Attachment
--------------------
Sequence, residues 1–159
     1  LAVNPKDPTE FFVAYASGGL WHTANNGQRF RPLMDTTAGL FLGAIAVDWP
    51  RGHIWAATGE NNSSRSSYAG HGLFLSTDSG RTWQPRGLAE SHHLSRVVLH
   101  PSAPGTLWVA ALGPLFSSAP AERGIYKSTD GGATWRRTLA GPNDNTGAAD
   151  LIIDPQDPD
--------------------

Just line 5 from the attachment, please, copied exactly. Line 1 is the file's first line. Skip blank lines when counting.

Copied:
   151  LIIDPQDPD